UK certified diamond specialist Marlows Diamonds has claimed to have found a new thorny, palm-like plant in West Africa, which signals the presence of diamonds beneath it.
The Pandanus candelabrum plant has been identified as a method to identify columns of kimberlite pipes, which release eruptions that can raise faster bringing diamonds to the surface.
The Liberian plants are expected to make searching for diamond easier in areas that have suffered greatly from the Ebola epidemic.
Pandanus candelabrum is said to enjoy kimberlite-rich soil that thrives on magnesium, potassium and phosphorous and has been spotted at various kimberlite sites.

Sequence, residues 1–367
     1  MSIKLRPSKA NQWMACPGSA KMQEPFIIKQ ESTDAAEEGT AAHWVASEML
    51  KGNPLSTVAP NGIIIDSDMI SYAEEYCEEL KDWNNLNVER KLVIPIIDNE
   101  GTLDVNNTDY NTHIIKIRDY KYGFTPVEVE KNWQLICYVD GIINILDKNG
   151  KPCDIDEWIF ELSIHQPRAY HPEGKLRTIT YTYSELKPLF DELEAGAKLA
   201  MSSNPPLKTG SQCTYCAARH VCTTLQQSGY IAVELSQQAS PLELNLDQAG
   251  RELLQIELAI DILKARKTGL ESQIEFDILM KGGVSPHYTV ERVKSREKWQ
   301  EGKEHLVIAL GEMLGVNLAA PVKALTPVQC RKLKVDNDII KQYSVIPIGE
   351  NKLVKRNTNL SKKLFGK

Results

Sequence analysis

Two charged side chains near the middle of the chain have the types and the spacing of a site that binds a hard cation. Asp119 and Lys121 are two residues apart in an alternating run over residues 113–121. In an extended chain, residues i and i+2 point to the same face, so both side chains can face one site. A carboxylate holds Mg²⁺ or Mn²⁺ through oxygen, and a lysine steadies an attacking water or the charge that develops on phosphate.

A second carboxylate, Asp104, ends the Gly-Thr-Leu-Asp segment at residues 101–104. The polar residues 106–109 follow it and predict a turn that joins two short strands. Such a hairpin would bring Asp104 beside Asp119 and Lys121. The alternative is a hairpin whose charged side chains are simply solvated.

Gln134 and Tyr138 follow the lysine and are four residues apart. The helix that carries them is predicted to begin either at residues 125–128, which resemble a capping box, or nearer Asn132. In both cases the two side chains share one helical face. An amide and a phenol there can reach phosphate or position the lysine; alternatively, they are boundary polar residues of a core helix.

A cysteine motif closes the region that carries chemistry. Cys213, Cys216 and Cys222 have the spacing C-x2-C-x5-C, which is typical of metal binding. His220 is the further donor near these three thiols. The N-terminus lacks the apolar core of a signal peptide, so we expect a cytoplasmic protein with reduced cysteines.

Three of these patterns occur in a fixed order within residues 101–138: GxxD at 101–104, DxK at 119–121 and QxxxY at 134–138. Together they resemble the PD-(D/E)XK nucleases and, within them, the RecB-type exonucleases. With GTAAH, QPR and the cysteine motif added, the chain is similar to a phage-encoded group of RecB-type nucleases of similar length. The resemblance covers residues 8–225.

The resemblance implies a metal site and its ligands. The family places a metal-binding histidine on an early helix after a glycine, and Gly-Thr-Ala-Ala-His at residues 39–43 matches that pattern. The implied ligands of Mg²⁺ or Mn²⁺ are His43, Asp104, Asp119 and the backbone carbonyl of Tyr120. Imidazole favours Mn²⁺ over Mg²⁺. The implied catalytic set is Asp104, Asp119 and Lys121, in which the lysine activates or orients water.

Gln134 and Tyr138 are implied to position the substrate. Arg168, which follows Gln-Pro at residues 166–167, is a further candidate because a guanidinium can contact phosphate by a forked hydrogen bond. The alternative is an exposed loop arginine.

Diamond hunters can use geo-botany to indicate potential diamond spots and benefit from a cost-effective search method.
Marlows Diamonds spokesperson said: "This species of plant could dramatically change the way that West African nations search for diamonds.
"For those looking to buy premium and ethically sourced diamond products, it is imperative to always search for a GIA or IGI certification."
Nations depending on diamond trade to support their economies can use geo-botanical mapping to source diamonds, a process that will also cut exploitive labour methods.
Image: The Liberian plant makes hunting of diamond easier. Photo: courtesy of Boykung/ FreeDigitalPhotos.net.